6. What will happen if we repeal?
If we vote Yes on May 25th, our politicians will be free to bring in new laws to allow women and people who can get pregnant to control their own bodies. A Citizens’ Assembly and a Joint Oireachtas Committee discussed the 8th Amendment and possible changes to the law. After this politicians from all parties and none have proposed new laws that will be brought in if we repeal the 8th Amendment.
7. What will happen if we don’t repeal?
If we do not repeal the 8th Amendment, abortion remains illegal here unless there is a risk that the mother will die because of her pregnancy. People who are pregnant because of rape or incest, or whose babies are likely to die before birth or soon after will not be allowed to have an abortion. Abortion pills ordered online will continue to be illegal and if someone is caught using them, they may still be imprisoned for 14 years. Women will still be forced to travel for abortions. Women who cannot travel, such as asylum seekers, poorer people, younger people, people in poor health, or people without a passport will be forced to stay pregnant if they cannot access abortion pills.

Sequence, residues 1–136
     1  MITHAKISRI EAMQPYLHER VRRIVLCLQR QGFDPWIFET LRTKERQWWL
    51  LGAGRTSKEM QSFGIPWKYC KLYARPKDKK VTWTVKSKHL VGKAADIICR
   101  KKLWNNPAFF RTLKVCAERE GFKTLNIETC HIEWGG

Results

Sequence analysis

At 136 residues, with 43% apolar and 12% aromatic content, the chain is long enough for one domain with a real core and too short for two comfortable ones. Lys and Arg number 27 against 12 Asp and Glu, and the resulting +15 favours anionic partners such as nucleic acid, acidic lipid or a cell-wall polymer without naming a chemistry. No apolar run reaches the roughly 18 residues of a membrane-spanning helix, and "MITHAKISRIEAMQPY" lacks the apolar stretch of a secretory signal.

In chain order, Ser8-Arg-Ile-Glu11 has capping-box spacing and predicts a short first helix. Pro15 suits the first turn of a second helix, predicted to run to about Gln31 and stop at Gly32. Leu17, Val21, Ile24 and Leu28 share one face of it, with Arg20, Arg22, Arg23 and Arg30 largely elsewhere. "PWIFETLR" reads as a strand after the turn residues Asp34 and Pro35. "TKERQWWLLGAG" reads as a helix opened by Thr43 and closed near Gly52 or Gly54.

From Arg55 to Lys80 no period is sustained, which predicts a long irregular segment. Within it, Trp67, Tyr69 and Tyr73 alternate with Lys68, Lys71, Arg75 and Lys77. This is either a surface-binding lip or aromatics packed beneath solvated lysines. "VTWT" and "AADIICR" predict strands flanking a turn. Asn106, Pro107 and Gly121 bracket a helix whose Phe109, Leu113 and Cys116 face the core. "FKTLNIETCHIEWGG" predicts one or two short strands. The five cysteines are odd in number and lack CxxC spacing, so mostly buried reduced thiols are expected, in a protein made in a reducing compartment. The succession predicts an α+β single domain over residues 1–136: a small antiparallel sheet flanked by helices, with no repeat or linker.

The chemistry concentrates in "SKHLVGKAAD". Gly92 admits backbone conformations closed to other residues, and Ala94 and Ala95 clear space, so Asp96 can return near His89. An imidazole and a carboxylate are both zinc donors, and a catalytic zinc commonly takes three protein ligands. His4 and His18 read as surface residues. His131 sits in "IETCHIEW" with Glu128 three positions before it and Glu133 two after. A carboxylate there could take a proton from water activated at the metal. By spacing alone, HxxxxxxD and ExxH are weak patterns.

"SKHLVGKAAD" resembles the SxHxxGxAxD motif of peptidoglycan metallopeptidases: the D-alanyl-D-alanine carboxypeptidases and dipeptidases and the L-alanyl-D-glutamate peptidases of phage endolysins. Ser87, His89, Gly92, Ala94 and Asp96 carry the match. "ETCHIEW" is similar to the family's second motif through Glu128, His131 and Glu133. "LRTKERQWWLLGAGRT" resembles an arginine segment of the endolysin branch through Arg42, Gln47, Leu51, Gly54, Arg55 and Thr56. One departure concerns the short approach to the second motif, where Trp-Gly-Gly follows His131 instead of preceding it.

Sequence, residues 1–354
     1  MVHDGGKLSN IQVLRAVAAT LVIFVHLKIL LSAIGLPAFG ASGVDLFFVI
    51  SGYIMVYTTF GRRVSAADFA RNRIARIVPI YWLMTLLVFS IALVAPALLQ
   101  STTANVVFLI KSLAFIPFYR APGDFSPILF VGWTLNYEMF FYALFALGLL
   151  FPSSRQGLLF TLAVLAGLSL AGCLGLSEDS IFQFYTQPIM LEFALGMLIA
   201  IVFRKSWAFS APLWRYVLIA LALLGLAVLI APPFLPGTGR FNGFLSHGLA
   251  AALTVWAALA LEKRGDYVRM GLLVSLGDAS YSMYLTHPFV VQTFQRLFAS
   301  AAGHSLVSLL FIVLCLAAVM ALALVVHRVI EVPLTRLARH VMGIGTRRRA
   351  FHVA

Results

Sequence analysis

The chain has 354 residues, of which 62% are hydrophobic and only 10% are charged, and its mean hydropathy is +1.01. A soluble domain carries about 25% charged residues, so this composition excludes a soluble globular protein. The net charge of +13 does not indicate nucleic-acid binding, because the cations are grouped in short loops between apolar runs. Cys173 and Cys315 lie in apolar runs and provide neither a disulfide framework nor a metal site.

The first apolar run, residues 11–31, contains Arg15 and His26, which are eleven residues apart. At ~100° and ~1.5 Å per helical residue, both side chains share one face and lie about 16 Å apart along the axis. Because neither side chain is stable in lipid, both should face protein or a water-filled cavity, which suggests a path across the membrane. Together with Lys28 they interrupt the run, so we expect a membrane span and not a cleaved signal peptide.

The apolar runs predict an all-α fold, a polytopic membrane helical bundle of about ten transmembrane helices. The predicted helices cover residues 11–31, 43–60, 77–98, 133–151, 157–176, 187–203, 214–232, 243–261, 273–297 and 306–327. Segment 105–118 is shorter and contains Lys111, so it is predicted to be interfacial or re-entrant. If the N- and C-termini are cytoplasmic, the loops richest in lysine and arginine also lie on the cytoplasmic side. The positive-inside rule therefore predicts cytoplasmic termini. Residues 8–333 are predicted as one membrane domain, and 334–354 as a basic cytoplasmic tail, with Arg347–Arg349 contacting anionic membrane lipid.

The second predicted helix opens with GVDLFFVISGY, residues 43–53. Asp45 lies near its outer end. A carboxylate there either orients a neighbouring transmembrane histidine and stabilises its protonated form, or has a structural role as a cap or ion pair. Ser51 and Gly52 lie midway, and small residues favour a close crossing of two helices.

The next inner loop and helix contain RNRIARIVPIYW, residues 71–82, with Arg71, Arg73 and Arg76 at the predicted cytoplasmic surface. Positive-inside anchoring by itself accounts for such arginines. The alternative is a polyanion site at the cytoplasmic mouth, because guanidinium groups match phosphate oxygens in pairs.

8. What will the changes to the law look like?
The new laws will allow people to have an abortion up to 12 weeks of pregnancy. A pregnant person who requests an abortion from her GP will have to wait 72 hours before she can have one. The new laws will also make sure that pregnant people who are at risk of death or who face a serious risk to their health because of being pregnant will be able to have an abortion when they need it. People whose babies will die before or soon after they are born (commonly called Fatal Foetal Abnormality), will also be able to get an abortion when they need it and chose to have it. No one will be forced to have an abortion.